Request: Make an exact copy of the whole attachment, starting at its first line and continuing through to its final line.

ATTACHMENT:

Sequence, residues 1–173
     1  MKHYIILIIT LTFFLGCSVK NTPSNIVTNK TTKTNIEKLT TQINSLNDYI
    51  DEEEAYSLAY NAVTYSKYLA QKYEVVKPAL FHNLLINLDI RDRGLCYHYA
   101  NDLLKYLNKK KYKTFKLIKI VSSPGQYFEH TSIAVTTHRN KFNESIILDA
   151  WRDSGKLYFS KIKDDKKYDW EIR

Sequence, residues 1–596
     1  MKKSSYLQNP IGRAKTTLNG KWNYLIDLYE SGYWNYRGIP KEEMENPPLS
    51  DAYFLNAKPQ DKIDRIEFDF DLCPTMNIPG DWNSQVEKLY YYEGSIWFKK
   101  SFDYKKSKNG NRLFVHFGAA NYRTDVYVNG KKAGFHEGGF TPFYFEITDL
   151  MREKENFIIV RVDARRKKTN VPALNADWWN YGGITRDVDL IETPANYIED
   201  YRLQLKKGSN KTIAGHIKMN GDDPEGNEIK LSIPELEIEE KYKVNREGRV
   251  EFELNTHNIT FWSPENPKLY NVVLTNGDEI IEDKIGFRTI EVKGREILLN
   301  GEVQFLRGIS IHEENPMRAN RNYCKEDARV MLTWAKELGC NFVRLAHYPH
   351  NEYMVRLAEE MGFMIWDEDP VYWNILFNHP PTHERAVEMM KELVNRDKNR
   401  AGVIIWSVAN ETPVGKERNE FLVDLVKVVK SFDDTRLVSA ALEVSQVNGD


Sequence, residues 1–173
     1  MKHYIILIIT LTFFLGCSVK NTPSNIVTNK TTKTNIEKLT TQINSLNDYI
    51  DEEEAYSLAY NAVTYSKYLA QKYEVVKPAL FHNLLINLDI RDRGLCYHYA
   101  NDLLKYLNKK KYKTFKLIKI VSSPGQYFEH TSIAVTTHRN KFNESIILDA
   151  WRDSGKLYFS KIKDDKKYDW EIR

Sequence, residues 1–596
     1  MKKSSYLQNP IGRAKTTLNG KWNYLIDLYE SGYWNYRGIP KEEMENPPLS
    51  DAYFLNAKPQ DKIDRIEFDF DLCPTMNIPG DWNSQVEKLY YYEGSIWFKK
   101  SFDYKKSKNG NRLFVHFGAA NYRTDVYVNG KKAGFHEGGF TPFYFEITDL
   151  MREKENFIIV RVDARRKKTN VPALNADWWN YGGITRDVDL IETPANYIED
   201  YRLQLKKGSN KTIAGHIKMN GDDPEGNEIK LSIPELEIEE KYKVNREGRV
   251  EFELNTHNIT FWSPENPKLY NVVLTNGDEI IEDKIGFRTI EVKGREILLN
   301  GEVQFLRGIS IHEENPMRAN RNYCKEDARV MLTWAKELGC NFVRLAHYPH
   351  NEYMVRLAEE MGFMIWDEDP VYWNILFNHP PTHERAVEMM KELVNRDKNR
   401  AGVIIWSVAN ETPVGKERNE FLVDLVKVVK SFDDTRLVSA ALEVSQVNGD